We next examined whether these polymerases contribute to damage-induced mutability. Exposing S. aureus to 8.6 J m−2 of UV light caused minimal killing but resulted in the induction of mutations that conferred both streptomycin and rifampin resistance in the wild-type strain and a strain lacking SACOL1955 (Table (Table4).4). However, in the strain lacking SACOL1400, the mutation frequency, as measured by streptomycin resistance, was reduced >30-fold, and no detectable induction of mutation to rifampin resistance was observed. In the lexA(S130A) strain, which cannot derepress SACOL1400, no detectable induction of mutation was observed (Table (Table4),4), consistent with the requirement of LexA cleavage for the induction of SACOL1400.

TABLE 4.
Survival and mutation after treatment with 8.6 J/m2 UV light

DISCUSSION

Fluoroquinolones have emerged as important antibiotics for the treatment of S. aureus infections; however, S. aureus remains difficult to treat due to its adaptability and the facility with which it acquires resistance-conferring mutations. To further understand the global response of S. aureus to ciprofloxacin, the prototypical fluoroquinolone, as well as the contribution of the SOS response, we analyzed the transcriptional changes induced by ciprofloxacin in both the wild-type S. aureus strain 8325 and a lexA(S130A) mutant. In wild-type cells, ciprofloxacin induced twofold or greater changes in the transcription of 235 genes after 30 min of exposure and of 510 genes after 120 min of exposure. Approximately equal numbers of genes were found at higher and lower levels. The most general response of S. aureus 8325 to ciprofloxacin is a significant decrease in the transcript levels of genes corresponding to various facets of metabolism, including amino acid, protein, cofactor, nucleotide, fatty acid, and cell wall biosynthesis as well as energy metabolism and electron transport. However, genes involved in glycolysis/glucogenesis, fermentation, and carbohydrate uptake were both induced and repressed by ciprofloxacin.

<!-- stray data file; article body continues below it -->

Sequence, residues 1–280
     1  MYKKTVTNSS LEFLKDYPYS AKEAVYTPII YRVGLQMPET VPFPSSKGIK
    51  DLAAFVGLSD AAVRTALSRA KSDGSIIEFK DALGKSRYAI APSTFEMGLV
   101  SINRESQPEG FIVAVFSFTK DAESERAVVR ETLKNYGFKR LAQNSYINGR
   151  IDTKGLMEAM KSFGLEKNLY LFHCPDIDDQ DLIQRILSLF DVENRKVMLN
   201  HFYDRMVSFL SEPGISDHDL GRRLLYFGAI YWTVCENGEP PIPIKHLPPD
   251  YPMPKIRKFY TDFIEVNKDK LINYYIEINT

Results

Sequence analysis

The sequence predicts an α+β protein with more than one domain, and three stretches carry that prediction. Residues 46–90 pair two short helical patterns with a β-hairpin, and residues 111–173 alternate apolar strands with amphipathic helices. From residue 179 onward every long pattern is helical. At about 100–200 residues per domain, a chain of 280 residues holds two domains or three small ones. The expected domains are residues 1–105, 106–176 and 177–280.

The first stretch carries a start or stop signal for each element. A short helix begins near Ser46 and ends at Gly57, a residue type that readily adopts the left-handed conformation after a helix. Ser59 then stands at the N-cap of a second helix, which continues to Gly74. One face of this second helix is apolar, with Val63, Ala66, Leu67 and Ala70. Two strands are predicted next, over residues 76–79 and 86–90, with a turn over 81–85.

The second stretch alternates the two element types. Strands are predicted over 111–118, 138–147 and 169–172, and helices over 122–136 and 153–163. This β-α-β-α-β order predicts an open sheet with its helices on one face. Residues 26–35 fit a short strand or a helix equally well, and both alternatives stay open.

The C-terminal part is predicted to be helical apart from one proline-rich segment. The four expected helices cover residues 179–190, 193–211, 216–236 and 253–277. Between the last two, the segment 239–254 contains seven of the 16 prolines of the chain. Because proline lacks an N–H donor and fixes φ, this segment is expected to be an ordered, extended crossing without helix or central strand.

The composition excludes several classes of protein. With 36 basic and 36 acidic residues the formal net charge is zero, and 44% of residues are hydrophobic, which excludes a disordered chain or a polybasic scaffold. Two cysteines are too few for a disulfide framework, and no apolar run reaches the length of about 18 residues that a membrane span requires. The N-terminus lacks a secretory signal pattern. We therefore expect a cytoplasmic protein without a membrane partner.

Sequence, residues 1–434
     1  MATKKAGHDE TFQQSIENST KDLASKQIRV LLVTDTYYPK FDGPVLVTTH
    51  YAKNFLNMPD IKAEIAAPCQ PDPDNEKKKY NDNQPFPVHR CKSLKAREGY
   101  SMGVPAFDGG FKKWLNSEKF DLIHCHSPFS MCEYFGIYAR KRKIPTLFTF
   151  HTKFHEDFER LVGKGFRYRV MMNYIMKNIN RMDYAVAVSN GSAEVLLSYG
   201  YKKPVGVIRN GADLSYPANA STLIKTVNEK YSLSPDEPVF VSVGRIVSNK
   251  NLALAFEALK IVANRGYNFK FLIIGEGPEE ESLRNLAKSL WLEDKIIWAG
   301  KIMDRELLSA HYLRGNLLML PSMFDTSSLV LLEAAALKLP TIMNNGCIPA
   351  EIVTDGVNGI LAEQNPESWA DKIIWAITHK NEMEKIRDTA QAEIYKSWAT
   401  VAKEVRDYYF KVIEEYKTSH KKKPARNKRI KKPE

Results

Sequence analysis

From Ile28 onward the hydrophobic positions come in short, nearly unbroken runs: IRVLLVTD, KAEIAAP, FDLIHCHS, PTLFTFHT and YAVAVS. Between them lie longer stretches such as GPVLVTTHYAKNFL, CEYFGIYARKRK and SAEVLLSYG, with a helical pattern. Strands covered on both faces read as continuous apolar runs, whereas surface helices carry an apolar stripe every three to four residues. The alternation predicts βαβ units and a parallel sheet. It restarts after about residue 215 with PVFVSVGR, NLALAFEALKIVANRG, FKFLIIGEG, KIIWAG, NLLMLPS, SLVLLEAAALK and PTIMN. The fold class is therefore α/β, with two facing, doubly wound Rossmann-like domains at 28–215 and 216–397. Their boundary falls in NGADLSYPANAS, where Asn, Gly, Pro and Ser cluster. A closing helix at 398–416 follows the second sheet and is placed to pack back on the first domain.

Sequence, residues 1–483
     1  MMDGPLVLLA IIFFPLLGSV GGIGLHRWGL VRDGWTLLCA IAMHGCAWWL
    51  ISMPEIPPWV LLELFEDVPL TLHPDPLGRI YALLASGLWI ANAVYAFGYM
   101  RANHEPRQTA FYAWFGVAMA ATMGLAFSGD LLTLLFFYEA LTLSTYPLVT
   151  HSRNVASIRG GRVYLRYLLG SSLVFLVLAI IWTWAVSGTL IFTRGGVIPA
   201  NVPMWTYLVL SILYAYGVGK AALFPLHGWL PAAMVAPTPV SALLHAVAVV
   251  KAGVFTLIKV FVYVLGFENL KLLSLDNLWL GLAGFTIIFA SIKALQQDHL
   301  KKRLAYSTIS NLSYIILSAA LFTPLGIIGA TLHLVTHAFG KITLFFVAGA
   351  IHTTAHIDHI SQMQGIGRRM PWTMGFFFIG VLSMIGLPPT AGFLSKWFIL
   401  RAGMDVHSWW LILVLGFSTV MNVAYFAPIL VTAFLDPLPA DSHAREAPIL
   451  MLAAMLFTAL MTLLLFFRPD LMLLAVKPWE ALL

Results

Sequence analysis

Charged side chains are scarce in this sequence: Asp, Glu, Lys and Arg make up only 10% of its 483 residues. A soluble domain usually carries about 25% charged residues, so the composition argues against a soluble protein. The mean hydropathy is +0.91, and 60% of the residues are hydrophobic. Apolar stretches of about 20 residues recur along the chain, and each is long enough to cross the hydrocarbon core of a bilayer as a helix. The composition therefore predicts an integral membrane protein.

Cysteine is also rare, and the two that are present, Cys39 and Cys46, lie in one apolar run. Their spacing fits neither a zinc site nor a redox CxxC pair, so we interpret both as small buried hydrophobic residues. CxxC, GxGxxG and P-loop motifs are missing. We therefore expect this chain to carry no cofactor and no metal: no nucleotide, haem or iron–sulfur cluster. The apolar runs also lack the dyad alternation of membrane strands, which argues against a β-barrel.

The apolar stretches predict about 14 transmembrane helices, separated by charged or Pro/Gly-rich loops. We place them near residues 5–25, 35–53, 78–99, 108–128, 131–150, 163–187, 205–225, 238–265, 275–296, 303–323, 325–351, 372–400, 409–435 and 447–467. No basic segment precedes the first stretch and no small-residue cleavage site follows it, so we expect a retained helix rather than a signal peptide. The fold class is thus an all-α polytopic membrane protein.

Interestingly, ciprofloxacin induced the expression of a number of genes that encode proteins in or related to the TCA cycle. While this has not been observed previously with an antibiotic, TCA cycle gene induction has been reported in response to neutrophil phagocytosis (44) and during entry into stationary-phase growth (25). The up-regulation of carbon flux into and through the TCA cycle is particularly interesting because TCA cycle activity has been shown to be associated with virulence, survival, and persistence of S. aureus and several other pathogens (3, 10, 17, 28, 30, 39, 40). In total, the data suggest that ciprofloxacin induces significant changes in carbohydrate uptake and metabolism, with an increased reliance on the TCA cycle for metabolism and/or energy production.

As expected, the resident prophages of S. aureus strain 8325 are strongly induced by ciprofloxacin. Overall, 73 prophage genes are up-regulated >2-fold at 120 min, and 50 of these are up-regulated >5-fold (Table (Table2).2). An important consequence of inducing prophage genes is the up-regulation of many virulence factors encoded within these elements (29). In contrast, many of the native virulence factors of strain 8325 are down-regulated in response to ciprofloxacin. This includes several key transcriptional regulators, such as sarA, sarR, rot, and agrB, which participate in the regulation of numerous virulence factors. The opposing responses of chromosomally and phage-encoded virulence factors may reflect the differing survival strategies of the bacterial host and pathogen and also emphasize the influential role that phages play in controlling the host response to environmental stress (45).

While treatment with ciprofloxacin causes decreases in the transcription of the operons that control purine and pyrimidine biosynthesis, it also induces the transcription of ribonucleotide reductase as well as Pol III and the Y-family polymerases SACOL1955 and SACOL1400. These results suggest that the cell responds to ciprofloxacin by reducing metabolism and funneling resources into DNA synthesis. The strong induction of SACOL1400, in particular, suggests that DNA synthesis might be error-prone, which is further supported by the observed down-regulation of mismatch repair, which has been associated with the accelerated accumulation of mutations (21, 33). In addition, several other DNA repair systems, including recN and ruvB, which encode proteins involved in recombinational repair of damaged DNA, are down-regulated.